The code here is a bit strange. Tables are actually meant to hold multiple values and define indexes based on this. So using them to store a single value is something that you wouldn’t normally do. Except that the ID that we get back from the table has a very interesting property. It has O(1) cost of access. So given a node ID, I can access it directly, regardless of how big my database is. That is a property that I want because, effectively, random access of nodes is something that happens quite a lot and is highly desirable.

Now, let's see how we can connect two edges, shall we? This code ignores all error handling, missing nodes, etc. It is meant to explain the core stuff, this is a toy database, after all.

public unsafe long AddEdge(string type, long from, long to, NameValueCollection edge = null)
{
    using(var tx = _env.WriteTransaction())
    {
        long edgeId = -1;
        if(edge != null)
        {
            var edgesDataTable = new Table(_emptySchema, "EdgesData", tx);
  
            string serializededge = SerializeNode(edge);
            byte[] data = Encoding.UTF8.GetBytes(serializededge);
            fixed(byte* pData = data)
            {
                edgeId = edgesDataTable.Insert(new TableValueBuilder
                {
                    {pData, data.Length}
                });
            }
        }
        var edgeTypeTree = tx.CreateTree("Edges_"+ type);
        var fixedSizeTree = edgeTypeTree.FixedTreeFor(from, valSize: 8);
        fixedSizeTree.Add(from, Slice.From(tx.Allocator, (byte*)&to, sizeof(long));

        tx.Commit();
    }
}


Here we continue doing strange stuff. We already know that we use the empty schema table to have an O(1) access to data. And we store the edge’s data there. But then we run into some new stuff. We create a B+Tree called “Edges_”+type, which hold all of the edges of a particular type. But the content of this B+Tree is not simple. Instead, it is using fixed-size trees. Those are also B+Trees, but they have well-known sizes both for keys (which must be long) and the value (which must be small, fewer than 256 bytes). Because they are very compact, we can pack quite a lot of data into them and work with them efficiently.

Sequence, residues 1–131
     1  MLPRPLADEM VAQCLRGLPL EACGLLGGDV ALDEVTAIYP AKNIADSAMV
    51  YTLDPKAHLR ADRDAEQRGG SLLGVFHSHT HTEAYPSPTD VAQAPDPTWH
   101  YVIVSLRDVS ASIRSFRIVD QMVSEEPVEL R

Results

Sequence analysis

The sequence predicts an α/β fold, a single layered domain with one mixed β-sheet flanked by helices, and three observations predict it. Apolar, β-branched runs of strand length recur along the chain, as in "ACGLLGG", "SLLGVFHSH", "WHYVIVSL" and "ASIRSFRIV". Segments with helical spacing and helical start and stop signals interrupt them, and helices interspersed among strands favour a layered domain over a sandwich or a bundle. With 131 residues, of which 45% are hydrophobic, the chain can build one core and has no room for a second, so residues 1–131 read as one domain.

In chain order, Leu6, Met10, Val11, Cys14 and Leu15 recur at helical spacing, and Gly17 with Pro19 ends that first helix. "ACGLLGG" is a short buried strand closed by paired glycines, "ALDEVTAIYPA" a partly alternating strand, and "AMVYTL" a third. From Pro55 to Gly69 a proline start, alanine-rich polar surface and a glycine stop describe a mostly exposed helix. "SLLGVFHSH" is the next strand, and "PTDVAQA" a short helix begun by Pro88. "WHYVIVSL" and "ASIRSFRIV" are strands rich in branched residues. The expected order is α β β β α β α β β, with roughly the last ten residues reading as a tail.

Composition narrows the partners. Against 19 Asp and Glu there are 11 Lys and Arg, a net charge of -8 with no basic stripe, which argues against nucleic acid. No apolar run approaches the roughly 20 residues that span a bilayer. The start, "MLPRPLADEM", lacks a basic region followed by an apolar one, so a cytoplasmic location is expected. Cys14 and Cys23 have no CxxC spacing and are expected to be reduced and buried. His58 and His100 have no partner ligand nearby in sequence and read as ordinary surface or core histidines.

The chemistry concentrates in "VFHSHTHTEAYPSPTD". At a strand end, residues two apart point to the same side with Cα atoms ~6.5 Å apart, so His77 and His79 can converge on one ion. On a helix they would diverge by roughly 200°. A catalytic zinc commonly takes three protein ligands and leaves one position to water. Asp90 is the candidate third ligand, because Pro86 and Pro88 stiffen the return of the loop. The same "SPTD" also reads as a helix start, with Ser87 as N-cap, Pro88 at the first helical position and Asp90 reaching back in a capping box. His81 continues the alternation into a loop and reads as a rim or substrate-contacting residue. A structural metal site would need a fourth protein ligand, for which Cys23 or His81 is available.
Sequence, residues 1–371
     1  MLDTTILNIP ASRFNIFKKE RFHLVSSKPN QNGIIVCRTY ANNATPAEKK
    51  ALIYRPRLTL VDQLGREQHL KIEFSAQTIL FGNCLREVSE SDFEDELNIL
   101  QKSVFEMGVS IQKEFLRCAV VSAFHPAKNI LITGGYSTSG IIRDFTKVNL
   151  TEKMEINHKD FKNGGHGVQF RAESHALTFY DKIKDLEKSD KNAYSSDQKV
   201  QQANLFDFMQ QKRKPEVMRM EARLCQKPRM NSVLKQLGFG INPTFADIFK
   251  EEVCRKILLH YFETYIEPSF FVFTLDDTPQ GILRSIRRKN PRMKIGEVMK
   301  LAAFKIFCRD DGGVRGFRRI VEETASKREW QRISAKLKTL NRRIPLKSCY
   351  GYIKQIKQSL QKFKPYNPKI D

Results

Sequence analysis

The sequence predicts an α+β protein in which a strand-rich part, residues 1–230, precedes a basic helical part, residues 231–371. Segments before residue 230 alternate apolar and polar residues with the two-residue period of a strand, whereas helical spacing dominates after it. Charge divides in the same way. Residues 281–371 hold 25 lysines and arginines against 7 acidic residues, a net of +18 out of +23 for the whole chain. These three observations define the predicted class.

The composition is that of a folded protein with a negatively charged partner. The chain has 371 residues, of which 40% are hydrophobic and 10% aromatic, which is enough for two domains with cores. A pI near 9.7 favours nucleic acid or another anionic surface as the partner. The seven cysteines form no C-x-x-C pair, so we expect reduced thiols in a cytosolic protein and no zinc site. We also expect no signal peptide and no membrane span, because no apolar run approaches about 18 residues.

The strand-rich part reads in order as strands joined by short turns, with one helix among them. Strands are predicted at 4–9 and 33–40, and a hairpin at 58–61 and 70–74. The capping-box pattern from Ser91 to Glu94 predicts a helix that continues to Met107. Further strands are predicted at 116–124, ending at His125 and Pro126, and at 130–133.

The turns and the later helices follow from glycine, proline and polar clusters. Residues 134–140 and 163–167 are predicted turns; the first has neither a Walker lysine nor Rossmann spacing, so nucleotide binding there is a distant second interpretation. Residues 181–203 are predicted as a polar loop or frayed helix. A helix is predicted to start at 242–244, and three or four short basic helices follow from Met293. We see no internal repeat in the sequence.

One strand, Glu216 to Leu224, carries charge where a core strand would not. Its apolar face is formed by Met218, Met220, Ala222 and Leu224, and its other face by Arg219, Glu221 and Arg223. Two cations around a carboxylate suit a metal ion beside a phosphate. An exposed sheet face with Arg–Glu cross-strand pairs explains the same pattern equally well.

The end result is that we are now storing the node data and access it at O(1) cost. We also store a B+Tree full of fixed size tree (whose name is the source node id) and whose keys are the destination nodes, and the values are the edge data.

Confusing yet? Not much different than Dictionary<SourceNodeId, Dictionary<DestinationNodeId, EdgeDataId>>. That is quite enough for today. Next, I’ll show how we can traverse the data, and what kind of costs are associated with it.

Learn how the world’s first NoSQL Engagement Database delivers unparalleled performance at any scale for customer experience innovation that never ends.

Topics:
storage ,source ,node ,operations ,performance ,high performance ,voron

Published at DZone with permission of Oren Eini, DZone MVB. See the original article here.

Opinions expressed by DZone contributors are their own.

{{ parent.title || parent.header.title}}

{{ parent.tldr }}

{{ parent.urlSource.name }}